When the Pisans lost a battle because of an eagle

Sometimes a battle isn’t decided because one side had a better plan or was just militarily stronger. Once in while, in the thick of the fighting, there is some little quirk that leads to victory or defeat. This may have been the case at the Battle of Càscina, fought on July 28, 1364.

The Battle of Càscina is also famous because Michelangelo did drawings about the event in 1504. 

This battle, fought just outside of Pisa, would be the culmination of a war that city was waging against Florence. Both sides had hired mercenaries to supplement their own forces, with the Pisans hiring John Hawkwood and his fellow English soldiers.

Giovanni di Paolo Morelli, a Florentine merchant, wrote about the battle in his personal memoirs. While Giovanni composed the story decades after it happened, he perhaps was able to learn about the battle from relatives who took part in it. He explains how his city’s captain, Galeotto Malaterra, had ridden up to the gates of Pisa to taunt his enemies into battle, but got no response. He then moved his forces six miles away from the city. Morelli writes:

The weather was terribly hot that day; around the ninth hour, our soldiers, believing that they were safe, all put down their arms and removed the saddles from their horses and took their ease and refreshment in the Arno River, bathing and splashing about. The Pisan got word of this, and their captain, with all his soldiers on foot and on horseback, and the whole population of Pisa, even women armed with ropes, emerged from the city to assault our men on the battlefield; they were certain that they would win, and take everyone prisoner.

If the Pisans were hoping to catch the Florentines by surprise, their plan failed because of the clouds of dust they raised up as they marched from their city. The Florentine captain saw this and ordered his men to prepare for battle. Morelli continues:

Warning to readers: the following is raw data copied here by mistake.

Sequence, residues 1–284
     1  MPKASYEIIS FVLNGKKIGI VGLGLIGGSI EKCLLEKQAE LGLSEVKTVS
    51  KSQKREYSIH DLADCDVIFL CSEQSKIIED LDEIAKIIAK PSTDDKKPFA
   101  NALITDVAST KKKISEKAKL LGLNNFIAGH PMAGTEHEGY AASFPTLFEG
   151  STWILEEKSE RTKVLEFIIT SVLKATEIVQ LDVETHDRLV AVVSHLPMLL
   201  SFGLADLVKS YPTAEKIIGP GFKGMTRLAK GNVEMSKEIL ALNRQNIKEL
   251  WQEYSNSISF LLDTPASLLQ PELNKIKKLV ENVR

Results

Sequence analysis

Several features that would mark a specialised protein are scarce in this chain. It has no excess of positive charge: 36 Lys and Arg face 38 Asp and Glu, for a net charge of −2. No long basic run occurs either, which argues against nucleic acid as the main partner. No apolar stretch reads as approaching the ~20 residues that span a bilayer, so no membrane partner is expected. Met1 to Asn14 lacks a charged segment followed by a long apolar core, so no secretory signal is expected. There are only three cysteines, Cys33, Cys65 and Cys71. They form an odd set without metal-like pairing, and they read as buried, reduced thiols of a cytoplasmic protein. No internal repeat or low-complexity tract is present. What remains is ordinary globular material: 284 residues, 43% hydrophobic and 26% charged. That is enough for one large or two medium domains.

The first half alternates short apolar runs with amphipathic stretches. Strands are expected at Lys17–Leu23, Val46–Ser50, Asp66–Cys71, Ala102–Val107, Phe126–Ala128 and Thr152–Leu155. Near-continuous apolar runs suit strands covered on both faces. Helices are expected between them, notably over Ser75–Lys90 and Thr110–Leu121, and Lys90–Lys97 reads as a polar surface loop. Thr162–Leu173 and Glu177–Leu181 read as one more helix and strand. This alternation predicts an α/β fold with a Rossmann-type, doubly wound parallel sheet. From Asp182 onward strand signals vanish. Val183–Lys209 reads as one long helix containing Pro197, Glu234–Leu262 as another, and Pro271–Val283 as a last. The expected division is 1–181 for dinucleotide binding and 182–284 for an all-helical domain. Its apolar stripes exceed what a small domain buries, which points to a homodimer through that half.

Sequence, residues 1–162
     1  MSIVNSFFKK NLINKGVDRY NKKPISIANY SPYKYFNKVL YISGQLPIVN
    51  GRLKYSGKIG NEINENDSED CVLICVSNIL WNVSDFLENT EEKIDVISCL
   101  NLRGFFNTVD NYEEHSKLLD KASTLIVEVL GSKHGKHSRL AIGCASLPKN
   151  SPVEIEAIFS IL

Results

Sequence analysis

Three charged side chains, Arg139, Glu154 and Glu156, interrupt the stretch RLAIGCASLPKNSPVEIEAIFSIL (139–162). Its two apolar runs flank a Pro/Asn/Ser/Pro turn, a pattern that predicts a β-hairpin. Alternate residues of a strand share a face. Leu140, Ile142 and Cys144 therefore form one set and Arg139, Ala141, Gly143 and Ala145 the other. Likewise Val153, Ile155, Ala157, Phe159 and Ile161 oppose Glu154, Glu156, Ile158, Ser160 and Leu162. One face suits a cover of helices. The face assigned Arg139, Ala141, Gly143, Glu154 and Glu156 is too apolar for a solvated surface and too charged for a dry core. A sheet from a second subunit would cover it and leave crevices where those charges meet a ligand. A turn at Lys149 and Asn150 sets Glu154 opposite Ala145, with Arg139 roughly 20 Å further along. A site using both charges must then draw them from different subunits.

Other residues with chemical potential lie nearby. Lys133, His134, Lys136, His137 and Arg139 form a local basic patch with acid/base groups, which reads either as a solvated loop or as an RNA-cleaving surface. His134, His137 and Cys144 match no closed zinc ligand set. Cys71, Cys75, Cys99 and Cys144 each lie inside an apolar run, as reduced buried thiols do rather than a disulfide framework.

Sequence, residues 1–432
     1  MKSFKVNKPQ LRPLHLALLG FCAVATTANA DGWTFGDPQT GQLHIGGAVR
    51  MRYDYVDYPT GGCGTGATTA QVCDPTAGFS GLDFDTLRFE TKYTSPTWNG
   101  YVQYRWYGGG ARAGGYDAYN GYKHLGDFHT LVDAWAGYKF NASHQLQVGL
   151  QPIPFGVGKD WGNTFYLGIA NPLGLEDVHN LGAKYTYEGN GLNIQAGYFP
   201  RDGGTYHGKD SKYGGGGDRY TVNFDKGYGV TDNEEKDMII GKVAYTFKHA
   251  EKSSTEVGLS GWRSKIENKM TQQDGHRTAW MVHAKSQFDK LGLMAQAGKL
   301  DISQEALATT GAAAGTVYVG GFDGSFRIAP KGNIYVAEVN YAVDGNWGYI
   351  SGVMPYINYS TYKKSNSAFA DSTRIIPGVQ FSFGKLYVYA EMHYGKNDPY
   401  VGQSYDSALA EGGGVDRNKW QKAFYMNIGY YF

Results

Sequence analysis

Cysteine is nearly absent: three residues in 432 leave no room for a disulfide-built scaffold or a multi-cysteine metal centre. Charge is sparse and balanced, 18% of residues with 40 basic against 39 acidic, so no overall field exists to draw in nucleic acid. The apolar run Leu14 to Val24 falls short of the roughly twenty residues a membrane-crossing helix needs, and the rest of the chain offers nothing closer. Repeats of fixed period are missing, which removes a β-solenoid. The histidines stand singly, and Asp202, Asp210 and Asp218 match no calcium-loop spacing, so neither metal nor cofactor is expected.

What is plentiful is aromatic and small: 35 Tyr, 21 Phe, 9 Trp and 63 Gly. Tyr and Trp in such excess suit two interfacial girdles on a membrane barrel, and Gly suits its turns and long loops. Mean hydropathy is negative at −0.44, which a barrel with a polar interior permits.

Our men weren’t totally armed yet, and because it was toward evening, they had the sun in their eyes and the Pisans at their backs; but, as God willed it, there was a group of Genoese crossbow archers at the barricades, some of the best in the world. You could see hundreds of arrows flying through the air.

Morelli writes about how the heat and dust was insufferable - at least for the enemy Pisans - and then mentions what he believed was the key moment of the battle:

The skirmish lasted about three hours, and was bitter and cruel. While the fighting was going on, an eagle, one of the ones that the Pisans kept as symbols or mascots, flew out over the battlefield; when it was above our men, its wings seemed to give out. It fell, and was captured by our men. The Florentines were overjoyed at this omen, and the Pisans were appalled. In the end, the Pisans were routed and defeated by the Florentines, and more than fifteen hundred were killed or taken prisoner.

The pro-Florentine bias of Morelli is most evident in how he gleefully recounts the humiliation of the Pisan prisoners:

The Pisans who had been captured were bound with their own ropes and loaded onto fifty of their own carts; and in the first cart their eagle was hung, but not so that it would die, because its feet could reach the cart, and it was struggling violently. Their captain went in front, a prisoner, disgraced and humiliated. His name was Rinieiri del Busso, he remained a prisoner for a long time in the Stiche. At the gate at San Frediano, through which the captain entered, there was a little live lion cub, and all the Pisan prisoners were forced to kiss its arse. And he was taken all around Florence, so that everyone, great and small, could see.

There are other accounts of the Battle of Càscina, and they offer different details about how the Florentines won that day. But it is interesting to consider Morelli’s version, where the capture of a mascot was the turning point of the battle, the moment that is remembered decades later. How important could have this event have been? Did it really allow the Florentines to rally and dishearten the Pisans, so much so that what happened afterwards was a foregone conclusion? This is the type of account that makes history, especially medieval military history, such a fascinating thing to write about.

You can read more of Giovanni di Paolo Morelli’s memoirs in Merchant Writers: Florentine Memoirs from the Middle Ages and Renaissance, edited by Vittore Branca, and published in 2015 by the University of Toronto Press. Click here to learn more about the book.

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